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John Liu: No More Rubber Stamp

John Liu: No More Rubber Stamp

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Published by Celeste Katz
A new report by the office of Comptroller John Liu recommends that all future New York City Schools Chancellors have substantial educational credentials.
A new report by the office of Comptroller John Liu recommends that all future New York City Schools Chancellors have substantial educational credentials.

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Published by: Celeste Katz on Jan 31, 2013
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07/10/2013

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N
ew
Y
ork
C
itY
C
omptroller 
 J
ohN
C.
iu
 JANUARY 2013
ReformingNew York CitysPanel forEducationalPolicy
 
 About the New York CityComptroller’s Ofce
The New York City Comptroller, an independentlyelected ofcial, is the Chie Financial Ofcer o the City o New York. The mission o the ofceis to ensure the fnancial health o New York Cityby advising the Mayor, the City Council, andthe public o the City’s fnancial condition. TheComptroller also makes recommendations onCity programs and operations, fscal policies, andfnancial transactions. In addition, the Comptrollermanages the assets o the fve New York CityPension Funds, perorms budgetary analysis,keeps the City’s accounts, audits City agencies,manages the City’s debt issuance, and registersproposed contracts. His ofce employs a workorceo more than 700 proessional sta members.These employees include accountants, attorneys,computer analysts, economists, engineers, budget,fnancial and investment analysts, claim specialists,and researchers, in addition to clerical andadministrative support sta.
 About BeyondHigh School NYC
Beyond High School NYC is a major initiativelaunched by Comptroller John C. Liu to increase theproportion o New Yorkers with higher educationto 60 percent by the year 2025 through strategicinvestments in public education.
Contents
1
Introduction
4
The Current Panel or Educational Policy
5
Recommendations
12
Conclusion
13
Addendum
NO MORERUBBER STAMP:
Reorming New York CitysPanel or Educational Policy
 January 2013
Published by the New York CityComptroller’s Oce
 John C. Liu
Comptroller
First Deputy Comptroller
Ricardo Morales
Deputy Comptroller forPublic Affairs
Ari Honung
Chief Economist
Frank Braconi
Special Assistant for PublicAffairs
Jacqueline S. Gold
Director of Policy
Carolyn KaroRachel BardinDoug GiulianoTomas HuntManny KwanAndrew McWilliamSusan Scheer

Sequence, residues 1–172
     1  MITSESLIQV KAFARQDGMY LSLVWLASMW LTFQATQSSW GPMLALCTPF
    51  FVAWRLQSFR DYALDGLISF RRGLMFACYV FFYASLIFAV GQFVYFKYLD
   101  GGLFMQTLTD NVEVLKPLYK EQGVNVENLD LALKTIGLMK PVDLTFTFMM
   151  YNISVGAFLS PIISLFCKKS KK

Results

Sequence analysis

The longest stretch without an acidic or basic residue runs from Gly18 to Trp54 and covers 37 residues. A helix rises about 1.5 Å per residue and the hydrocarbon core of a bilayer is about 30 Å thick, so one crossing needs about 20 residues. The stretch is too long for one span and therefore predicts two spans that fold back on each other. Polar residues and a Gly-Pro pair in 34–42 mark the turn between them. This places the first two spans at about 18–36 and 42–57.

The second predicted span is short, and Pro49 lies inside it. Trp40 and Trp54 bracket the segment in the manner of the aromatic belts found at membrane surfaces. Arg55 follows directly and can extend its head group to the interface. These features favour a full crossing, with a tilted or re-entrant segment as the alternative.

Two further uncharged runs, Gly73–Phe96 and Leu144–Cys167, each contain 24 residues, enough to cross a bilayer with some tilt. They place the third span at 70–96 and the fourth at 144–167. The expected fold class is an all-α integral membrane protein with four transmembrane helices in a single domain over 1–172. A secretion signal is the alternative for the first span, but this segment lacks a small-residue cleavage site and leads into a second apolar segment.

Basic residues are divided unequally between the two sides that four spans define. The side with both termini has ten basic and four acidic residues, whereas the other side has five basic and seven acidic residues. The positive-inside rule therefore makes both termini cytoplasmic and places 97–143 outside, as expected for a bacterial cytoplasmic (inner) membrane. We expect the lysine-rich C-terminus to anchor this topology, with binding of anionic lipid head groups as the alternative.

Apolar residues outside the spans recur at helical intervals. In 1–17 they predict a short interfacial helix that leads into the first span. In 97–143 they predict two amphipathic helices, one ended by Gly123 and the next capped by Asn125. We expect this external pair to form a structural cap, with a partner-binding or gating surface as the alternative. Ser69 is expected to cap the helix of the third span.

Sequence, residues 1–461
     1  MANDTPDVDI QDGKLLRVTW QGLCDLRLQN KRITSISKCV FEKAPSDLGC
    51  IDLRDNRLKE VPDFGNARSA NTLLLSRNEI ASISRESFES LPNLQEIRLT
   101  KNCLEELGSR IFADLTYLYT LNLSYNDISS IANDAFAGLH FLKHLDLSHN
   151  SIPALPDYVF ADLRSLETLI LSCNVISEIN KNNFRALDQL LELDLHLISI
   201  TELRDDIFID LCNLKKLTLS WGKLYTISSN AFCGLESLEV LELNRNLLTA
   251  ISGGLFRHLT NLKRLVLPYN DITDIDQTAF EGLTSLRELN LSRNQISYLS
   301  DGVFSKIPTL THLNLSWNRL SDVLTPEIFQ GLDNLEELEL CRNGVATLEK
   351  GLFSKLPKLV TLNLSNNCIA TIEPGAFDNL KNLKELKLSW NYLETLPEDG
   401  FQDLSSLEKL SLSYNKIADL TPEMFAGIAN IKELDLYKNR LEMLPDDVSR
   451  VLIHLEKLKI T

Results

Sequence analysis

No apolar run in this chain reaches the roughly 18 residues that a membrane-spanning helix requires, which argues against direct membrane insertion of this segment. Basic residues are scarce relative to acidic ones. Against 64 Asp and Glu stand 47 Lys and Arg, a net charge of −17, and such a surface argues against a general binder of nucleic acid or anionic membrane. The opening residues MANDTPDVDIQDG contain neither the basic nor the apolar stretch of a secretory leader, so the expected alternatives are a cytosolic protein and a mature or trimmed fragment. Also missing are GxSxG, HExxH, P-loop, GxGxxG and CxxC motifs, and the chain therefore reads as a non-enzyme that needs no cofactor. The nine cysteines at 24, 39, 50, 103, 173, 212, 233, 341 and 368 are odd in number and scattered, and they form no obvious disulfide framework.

1
NO MORE RUBBER STAMP:
REFORMING NEW YORK CITY’S PANEL FOR EDUCATIONAL POLICY 
JANUARY 2013
New York City Comptroller John C. Liu
 
NYC
Introduction
A Very Brief History of School Governance in New York City
Many people believe that mayoral control o the New York City school system is a deviation rom the norm. Inact, it is not. Throughout most o the City’s history, the mayor has appointed the majority or all o the centralBoard o Education. In the 1960s, the civil rights movement inspired high-prole mobilization or greatercommunity control over City schools, which opened the door or several “local control” pilot programs inselect New York City neighborhoods. In 1961, in response to public outcry over a pay-to-play scandal at thecentral oces o the Board o Education, the state legislature dissolved the board and required that MayorRobert Wagner appoint a nine-member board rom a pool o candidates nominated by a screening committee.The disarray at the central level, combined with signicant implementation problems with local control pilotprograms, led to high-prole civil unrest. Ultimately, this gave way to the 1969 decentralization law that createdan independent central Board o Education which oversaw thirty-two mostly autonomous community schooldistricts. The 30-plus year period that ollowed was actually the deviation rom New York City’s traditionalschool governance structure.
1
The shit back occurred on June 12, 2002, when New York State Governor George Pataki signed a law transerringcontrol o the New York City public school system to newly-elected Mayor Michael Bloomberg. The return tomayoral control unolded in the context o public outcry over educational stagnation, local corruption andpatronage, and the emergence o a series o positive national stories o successul mayoral control governancemodels in American cities. Seven years later, in 2009, the New York State legislature rearmed mayoral control,with ew changes.
1 Ravitch, D., “A History o Public School Governance in New York City,” in
When Mayors Take Charge
, ed. Joseph P. Viteritti, Brookings Institute Press,2009.

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